• The created the calendar online and used an online printing service, which was cost effective. Someone in the friends, who was tech savvy, was able to help with the production.
  • They bought 500 calendars. Sold about 200 at $10/piece.
  • For 2021-2022 they are doing different photography (more scenic). Business donors gave $100 each to sponsor a page, as well as sponsors on the back page.  These sponsors covered the cost of production.
    • 16 month calendar.
    • Giving partial proceeds to the photographer, which had previously been in a life altering accident.
    • Calendars will be sold in a variety of different ways, including at local grocery stores.
    • $12/each.
  • Calendars are a lot of work, but she says the work is worth it, because they built new connections in their community as well as raising funds.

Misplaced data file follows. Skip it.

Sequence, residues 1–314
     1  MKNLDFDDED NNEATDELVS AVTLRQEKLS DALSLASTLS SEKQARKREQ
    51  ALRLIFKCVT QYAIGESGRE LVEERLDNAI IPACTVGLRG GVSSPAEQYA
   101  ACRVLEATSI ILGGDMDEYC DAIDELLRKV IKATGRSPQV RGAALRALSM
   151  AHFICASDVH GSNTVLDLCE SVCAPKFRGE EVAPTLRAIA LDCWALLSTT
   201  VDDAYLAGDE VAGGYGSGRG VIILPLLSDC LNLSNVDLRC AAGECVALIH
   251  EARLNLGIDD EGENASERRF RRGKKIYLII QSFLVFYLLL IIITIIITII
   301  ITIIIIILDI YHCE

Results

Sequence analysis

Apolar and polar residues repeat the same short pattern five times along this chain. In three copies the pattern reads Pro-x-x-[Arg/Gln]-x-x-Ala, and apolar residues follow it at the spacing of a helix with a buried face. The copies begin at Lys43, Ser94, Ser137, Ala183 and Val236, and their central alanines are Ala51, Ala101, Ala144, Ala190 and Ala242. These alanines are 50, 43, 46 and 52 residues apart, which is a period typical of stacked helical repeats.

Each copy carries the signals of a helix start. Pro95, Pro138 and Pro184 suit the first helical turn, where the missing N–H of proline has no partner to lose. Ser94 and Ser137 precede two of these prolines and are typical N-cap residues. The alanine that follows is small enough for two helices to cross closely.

How do you define a successful funding raising program? 

  • How much money raised
  • Visibility of the library and friends increased
  • New friends members - active members
  • Get new people on their mailing list
  • Making community connections

Advice to other friends groups?

  • Get out there so the friends group is not a secret anymore.
  • Allow the friends to brainstorm ideas without immediately dismissing ideas.
  • Get all of the friends involved in the ideas.
  • Don't expect that the event will go as envisioned. Be adaptable. 
  • Don't try to control everything. 
  • Leave your ego out of it. 
  • Delegate and coordinate.
  • Give people tasks within their range of abilities.